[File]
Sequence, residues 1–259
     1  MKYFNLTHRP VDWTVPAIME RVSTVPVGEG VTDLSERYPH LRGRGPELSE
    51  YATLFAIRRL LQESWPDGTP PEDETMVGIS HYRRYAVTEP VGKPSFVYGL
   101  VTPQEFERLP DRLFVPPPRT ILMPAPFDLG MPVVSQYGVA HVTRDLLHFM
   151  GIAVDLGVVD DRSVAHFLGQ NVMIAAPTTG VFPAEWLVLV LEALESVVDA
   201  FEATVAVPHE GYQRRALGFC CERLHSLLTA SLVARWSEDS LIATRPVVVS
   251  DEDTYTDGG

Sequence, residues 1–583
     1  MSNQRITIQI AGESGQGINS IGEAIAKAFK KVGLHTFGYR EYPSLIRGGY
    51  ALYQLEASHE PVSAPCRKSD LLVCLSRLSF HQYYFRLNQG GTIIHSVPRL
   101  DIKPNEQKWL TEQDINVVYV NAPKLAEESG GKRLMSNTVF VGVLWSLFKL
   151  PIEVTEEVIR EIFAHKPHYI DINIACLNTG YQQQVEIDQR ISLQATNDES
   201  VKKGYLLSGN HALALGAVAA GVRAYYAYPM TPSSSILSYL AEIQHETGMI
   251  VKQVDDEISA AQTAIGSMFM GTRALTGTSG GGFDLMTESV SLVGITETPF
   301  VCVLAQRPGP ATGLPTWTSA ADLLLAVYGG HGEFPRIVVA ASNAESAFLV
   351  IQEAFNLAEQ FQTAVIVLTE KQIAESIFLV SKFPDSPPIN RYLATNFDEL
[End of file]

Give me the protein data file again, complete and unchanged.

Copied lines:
Sequence, residues 1–259
     1  MKYFNLTHRP VDWTVPAIME RVSTVPVGEG VTDLSERYPH LRGRGPELSE
    51  YATLFAIRRL LQESWPDGTP PEDETMVGIS HYRRYAVTEP VGKPSFVYGL
   101  VTPQEFERLP DRLFVPPPRT ILMPAPFDLG MPVVSQYGVA HVTRDLLHFM
   151  GIAVDLGVVD DRSVAHFLGQ NVMIAAPTTG VFPAEWLVLV LEALESVVDA
   201  FEATVAVPHE GYQRRALGFC CERLHSLLTA SLVARWSEDS LIATRPVVVS
   251  DEDTYTDGG

Sequence, residues 1–583
     1  MSNQRITIQI AGESGQGINS IGEAIAKAFK KVGLHTFGYR EYPSLIRGGY
    51  ALYQLEASHE PVSAPCRKSD LLVCLSRLSF HQYYFRLNQG GTIIHSVPRL
   101  DIKPNEQKWL TEQDINVVYV NAPKLAEESG GKRLMSNTVF VGVLWSLFKL
   151  PIEVTEEVIR EIFAHKPHYI DINIACLNTG YQQQVEIDQR ISLQATNDES
   201  VKKGYLLSGN HALALGAVAA GVRAYYAYPM TPSSSILSYL AEIQHETGMI
   251  VKQVDDEISA AQTAIGSMFM GTRALTGTSG GGFDLMTESV SLVGITETPF
   301  VCVLAQRPGP ATGLPTWTSA ADLLLAVYGG HGEFPRIVVA ASNAESAFLV
   351  IQEAFNLAEQ FQTAVIVLTE KQIAESIFLV SKFPDSPPIN RYLATNFDEL